ESOMAR, the global organization for market research professionals, has introduced the ‘Young Researcher of the Year’ award, as part of its Developing Talent initiative designed to enhance skills and expertise in future market research professionals.
Entrants must be under the age of 30, and skilled in producing research with a commitment to human development, ethics and a ‘fair and just world’. The winning piece of work will demonstrate how research can significantly improve understanding of an issue and change the way we think and act.
An international jury of industry leaders chaired by ESOMAR will review each submission, with the three finalists invited to present at the organisation’s Annual Congress in Montreux, Switzerland in September 2009.
‘This new award will foster the abundant talent coming into the research sector every year. Encouraging and acknowledging young researchers to think out of the box while maintaining the highest quality research is a key condition for growth in the profession,’ explained ESOMAR President, Gunilla Broadbent.
Mentors from UNICEF, Barclaycard and IMS Health will offer guidance and moral support to contenders throughout the process.
The winner will receive a trophy, a feature in ESOMAR’s publication Research World, and two free places at an ESOMAR workshop of their choice.
The topics that have chosen to test the research skills of the Young Researchers are:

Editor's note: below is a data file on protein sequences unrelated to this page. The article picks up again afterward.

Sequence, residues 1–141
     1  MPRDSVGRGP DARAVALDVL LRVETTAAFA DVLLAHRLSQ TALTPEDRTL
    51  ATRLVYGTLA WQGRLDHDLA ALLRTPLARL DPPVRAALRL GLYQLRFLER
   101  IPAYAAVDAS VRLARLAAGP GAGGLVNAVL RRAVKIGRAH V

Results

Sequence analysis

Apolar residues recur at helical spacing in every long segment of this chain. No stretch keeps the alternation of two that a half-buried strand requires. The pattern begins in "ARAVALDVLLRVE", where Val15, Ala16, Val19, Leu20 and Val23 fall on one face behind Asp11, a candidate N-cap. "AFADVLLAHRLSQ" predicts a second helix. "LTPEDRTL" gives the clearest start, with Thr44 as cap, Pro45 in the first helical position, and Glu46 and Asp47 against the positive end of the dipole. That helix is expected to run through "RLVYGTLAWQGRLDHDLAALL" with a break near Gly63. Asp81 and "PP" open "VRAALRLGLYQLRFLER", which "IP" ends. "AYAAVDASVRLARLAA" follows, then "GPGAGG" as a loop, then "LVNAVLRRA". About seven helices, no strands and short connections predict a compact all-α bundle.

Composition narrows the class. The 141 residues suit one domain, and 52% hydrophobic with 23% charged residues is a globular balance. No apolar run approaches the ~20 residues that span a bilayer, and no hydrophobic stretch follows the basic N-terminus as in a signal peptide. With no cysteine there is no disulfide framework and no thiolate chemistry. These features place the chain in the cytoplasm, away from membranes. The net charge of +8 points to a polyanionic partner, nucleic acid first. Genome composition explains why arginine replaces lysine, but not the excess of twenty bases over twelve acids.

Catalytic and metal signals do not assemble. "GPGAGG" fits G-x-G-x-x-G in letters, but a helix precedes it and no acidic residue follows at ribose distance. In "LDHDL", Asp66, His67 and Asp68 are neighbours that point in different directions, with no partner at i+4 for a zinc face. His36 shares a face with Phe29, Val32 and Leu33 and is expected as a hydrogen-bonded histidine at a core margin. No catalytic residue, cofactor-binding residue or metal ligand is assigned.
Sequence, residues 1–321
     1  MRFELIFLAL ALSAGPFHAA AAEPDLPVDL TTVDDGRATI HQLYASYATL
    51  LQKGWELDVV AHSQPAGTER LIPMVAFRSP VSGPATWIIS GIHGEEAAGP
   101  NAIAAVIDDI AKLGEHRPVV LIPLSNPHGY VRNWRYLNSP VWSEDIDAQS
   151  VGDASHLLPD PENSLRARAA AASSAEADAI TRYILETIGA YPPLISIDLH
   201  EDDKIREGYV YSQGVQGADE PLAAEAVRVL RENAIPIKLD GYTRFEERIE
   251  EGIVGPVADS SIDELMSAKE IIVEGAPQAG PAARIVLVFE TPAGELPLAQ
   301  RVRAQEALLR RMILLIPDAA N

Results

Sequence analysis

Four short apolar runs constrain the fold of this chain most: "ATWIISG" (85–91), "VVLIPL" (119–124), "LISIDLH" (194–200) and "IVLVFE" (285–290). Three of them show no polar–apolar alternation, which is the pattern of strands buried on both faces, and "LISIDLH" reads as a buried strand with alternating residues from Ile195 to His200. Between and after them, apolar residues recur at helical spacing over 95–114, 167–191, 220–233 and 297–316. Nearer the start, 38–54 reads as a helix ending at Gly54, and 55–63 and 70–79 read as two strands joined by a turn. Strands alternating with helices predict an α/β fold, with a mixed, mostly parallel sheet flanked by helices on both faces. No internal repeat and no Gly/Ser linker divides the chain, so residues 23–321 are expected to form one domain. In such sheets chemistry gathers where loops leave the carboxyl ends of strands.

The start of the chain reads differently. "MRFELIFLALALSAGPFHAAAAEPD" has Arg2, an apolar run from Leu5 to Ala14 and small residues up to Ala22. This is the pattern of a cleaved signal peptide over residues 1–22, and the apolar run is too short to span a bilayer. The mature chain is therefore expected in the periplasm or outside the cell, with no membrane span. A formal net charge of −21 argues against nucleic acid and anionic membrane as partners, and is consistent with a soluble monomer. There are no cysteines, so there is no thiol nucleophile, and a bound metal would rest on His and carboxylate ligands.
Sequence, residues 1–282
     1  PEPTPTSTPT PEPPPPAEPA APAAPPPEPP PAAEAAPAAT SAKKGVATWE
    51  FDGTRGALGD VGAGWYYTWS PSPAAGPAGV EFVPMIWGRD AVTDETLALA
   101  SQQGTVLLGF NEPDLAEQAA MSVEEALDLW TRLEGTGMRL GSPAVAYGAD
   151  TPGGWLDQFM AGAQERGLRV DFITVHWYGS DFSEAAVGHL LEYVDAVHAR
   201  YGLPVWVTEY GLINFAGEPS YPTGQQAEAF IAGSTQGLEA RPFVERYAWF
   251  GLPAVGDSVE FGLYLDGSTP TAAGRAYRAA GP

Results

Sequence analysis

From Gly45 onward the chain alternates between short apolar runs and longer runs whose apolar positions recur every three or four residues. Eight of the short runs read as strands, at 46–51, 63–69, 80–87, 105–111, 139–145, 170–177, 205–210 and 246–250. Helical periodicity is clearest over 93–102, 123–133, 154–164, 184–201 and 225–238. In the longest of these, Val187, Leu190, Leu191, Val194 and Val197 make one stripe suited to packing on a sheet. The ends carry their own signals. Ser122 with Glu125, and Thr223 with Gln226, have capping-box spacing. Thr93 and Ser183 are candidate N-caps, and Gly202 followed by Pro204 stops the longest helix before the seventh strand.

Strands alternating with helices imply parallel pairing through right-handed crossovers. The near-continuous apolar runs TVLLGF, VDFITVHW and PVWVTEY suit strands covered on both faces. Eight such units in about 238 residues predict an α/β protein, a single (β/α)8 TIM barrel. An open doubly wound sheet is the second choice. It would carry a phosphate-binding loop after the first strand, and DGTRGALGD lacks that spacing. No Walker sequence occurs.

- Global Warming: How are green issues actually affecting consumers around the world - what do people think and how do people act - have people changed their lives?Making the world a better place - what are the successes and failures that have lead to developing new products and new services?What are the implications for accessing and using safe water in a depleted environment?
- World Poverty: The ultimate purpose of market and public opinion research is to create a better world for everyone. We research products and services to improve the quality of life for consumers. A more pressing priority is to use research to save lives.How can we use the creative tools of market research that identify latent insights to improve products packaging or customer service, and utilize them to solve the ultimate human challenge facing us today?How can we use public opinion tools to develop new research methodologies, ask penetrating questions, identify psychological insights, tell stories, identify barriers to action and drivers of solutions, connect the dots of knowledge, and persuade people to act together to create a liveable world for all of us?
- Ageing: How can getting older be a positive experience? In today’s world getting older does not mean being old and frail. Advances in medical science mean that longevity is a positive experience and something to look forward to rather than dreaded.How can an ageing population continue to be healthy and productive in society? A healthy population costs less, is happier and is more productive.What are the “health economics” implications for an ageing population? What are the costs to society and the costs to the individual? How can these costs best be borne by all of those involved?
Deadline for the initial synopsis is 15 May 2009, deadline for submissions is 26 June 2009, and finalists will be announced on 31 July.